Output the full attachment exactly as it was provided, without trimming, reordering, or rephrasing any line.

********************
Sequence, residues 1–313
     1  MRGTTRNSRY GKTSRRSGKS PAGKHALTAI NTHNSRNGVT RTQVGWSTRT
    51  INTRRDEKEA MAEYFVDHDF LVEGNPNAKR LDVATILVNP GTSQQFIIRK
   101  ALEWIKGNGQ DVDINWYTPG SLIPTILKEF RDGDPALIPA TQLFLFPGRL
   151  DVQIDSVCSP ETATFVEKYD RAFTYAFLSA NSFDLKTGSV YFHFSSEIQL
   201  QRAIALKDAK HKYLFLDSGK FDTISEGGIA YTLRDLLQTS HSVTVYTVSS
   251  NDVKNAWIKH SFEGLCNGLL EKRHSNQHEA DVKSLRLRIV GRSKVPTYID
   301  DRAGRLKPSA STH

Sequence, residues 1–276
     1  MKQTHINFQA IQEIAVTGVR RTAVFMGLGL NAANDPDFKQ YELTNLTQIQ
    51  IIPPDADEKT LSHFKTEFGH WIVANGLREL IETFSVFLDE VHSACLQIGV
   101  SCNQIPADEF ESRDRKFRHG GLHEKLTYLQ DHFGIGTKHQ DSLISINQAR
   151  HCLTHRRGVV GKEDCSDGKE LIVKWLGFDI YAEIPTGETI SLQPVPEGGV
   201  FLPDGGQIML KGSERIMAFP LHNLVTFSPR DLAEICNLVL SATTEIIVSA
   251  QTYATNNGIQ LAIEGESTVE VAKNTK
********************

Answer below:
Sequence, residues 1–313
     1  MRGTTRNSRY GKTSRRSGKS PAGKHALTAI NTHNSRNGVT RTQVGWSTRT
    51  INTRRDEKEA MAEYFVDHDF LVEGNPNAKR LDVATILVNP GTSQQFIIRK
   101  ALEWIKGNGQ DVDINWYTPG SLIPTILKEF RDGDPALIPA TQLFLFPGRL
   151  DVQIDSVCSP ETATFVEKYD RAFTYAFLSA NSFDLKTGSV YFHFSSEIQL
   201  QRAIALKDAK HKYLFLDSGK FDTISEGGIA YTLRDLLQTS HSVTVYTVSS
   251  NDVKNAWIKH SFEGLCNGLL EKRHSNQHEA DVKSLRLRIV GRSKVPTYID
   301  DRAGRLKPSA STH

Sequence, residues 1–276
     1  MKQTHINFQA IQEIAVTGVR RTAVFMGLGL NAANDPDFKQ YELTNLTQIQ
    51  IIPPDADEKT LSHFKTEFGH WIVANGLREL IETFSVFLDE VHSACLQIGV
   101  SCNQIPADEF ESRDRKFRHG GLHEKLTYLQ DHFGIGTKHQ DSLISINQAR
   151  HCLTHRRGVV GKEDCSDGKE LIVKWLGFDI YAEIPTGETI SLQPVPEGGV
   201  FLPDGGQIML KGSERIMAFP LHNLVTFSPR DLAEICNLVL SATTEIIVSA
   251  QTYATNNGIQ LAIEGESTVE VAKNTK